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The Oxford Handbook of Biblical Studies Provides a comprehensive survey of Biblical scholarship in a variety of disciplines.

Writing, Sending, and Collecting Letters

Study of ancient letters has also directed attention towards the mechanics and material realia of letter writing and sending. In an age of limited literacy, the agency of the scribe was indispensable, and the papyri themselves reveal vast differences in skill even among such scribes. Still debated is the degree of freedom allowed a scribe, whether one who worked to standard models in a village or the highly educated and trusted amanuensis of a Cicero or Seneca. What control did the sender retain over the final version of a missive he (sic) may only have sketched out, or swiftly, but not always coherently, dictated (Rom. 16: 22; see Richards 1990, 2004)? How far can stylistic idiosyncrasies be attributed to the hand of the amanuensis without detracting from the preservation of authorial intention—a question of much significance for letters whose Pauline authorship is often challenged on grounds of style or thought, such as Colossians or Ephesians, or for 1 Peter if its Greek can hardly be credited to the Galilean fisherman (cf. 1 Pet. 5: 12, ‘through Silvanus’). In this light, authorial summaries and assertions of authentication (Gal. 6: 11–18; Col. 4: 18) also become more significant (Bahr 1966; Stirewalt 2003); but so too does the role of co-senders and the question of their contribution to the content (1 Cor. 1: 1; 2 Cor. 1: 1, etc.).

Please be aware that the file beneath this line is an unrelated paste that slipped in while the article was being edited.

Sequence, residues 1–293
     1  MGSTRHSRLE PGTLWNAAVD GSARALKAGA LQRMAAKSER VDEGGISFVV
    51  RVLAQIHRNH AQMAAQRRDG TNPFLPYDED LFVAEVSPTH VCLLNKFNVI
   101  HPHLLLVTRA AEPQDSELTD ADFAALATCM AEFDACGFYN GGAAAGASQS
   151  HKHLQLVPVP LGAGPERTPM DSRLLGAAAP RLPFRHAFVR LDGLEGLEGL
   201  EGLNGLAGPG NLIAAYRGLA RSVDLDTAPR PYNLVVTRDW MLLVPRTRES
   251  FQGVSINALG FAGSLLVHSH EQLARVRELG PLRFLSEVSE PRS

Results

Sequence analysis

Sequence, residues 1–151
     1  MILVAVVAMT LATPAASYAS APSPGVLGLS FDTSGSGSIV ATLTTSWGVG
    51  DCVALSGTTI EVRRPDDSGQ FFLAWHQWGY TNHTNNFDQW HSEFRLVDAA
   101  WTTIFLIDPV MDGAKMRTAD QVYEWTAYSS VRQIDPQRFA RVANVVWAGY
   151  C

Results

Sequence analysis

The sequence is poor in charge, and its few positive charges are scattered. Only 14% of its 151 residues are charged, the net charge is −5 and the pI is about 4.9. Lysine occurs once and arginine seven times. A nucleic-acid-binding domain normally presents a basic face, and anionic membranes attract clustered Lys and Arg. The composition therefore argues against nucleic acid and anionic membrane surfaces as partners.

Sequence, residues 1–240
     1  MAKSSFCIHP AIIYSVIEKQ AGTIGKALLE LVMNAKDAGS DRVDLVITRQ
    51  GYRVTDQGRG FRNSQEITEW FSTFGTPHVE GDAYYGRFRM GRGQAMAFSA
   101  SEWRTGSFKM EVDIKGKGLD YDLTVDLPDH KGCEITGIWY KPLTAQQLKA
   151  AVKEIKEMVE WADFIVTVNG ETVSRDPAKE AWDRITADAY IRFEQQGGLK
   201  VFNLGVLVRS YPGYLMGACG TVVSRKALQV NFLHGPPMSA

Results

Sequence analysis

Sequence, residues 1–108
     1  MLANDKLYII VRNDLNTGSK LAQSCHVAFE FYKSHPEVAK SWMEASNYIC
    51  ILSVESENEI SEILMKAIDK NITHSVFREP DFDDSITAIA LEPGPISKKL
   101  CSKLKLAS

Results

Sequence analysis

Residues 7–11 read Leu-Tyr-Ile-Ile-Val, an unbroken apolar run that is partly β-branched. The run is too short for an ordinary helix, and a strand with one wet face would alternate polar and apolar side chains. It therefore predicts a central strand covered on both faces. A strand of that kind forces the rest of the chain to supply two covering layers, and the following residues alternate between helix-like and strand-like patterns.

Also of interest is the means of delivery in a world with no postal service, usually through a traveller on the criss-crossing paths of trade or military service in the Mediterranean world (cf. 1 Cor. 1: 11). This points us back to the distinctive networks not just presupposed by, but also reinforced by, the exchange of letters which shaped the early Christian movement. Furthermore, descriptions by authors such as Cicero, but also actual exemplars among the papyri, provide evidence of the collection, copying, and storage of letters, which might give some sense of the origins and development of the Pauline and other corpora (cf. Col. 4: 16; 2 Pet. 3: 15–16).

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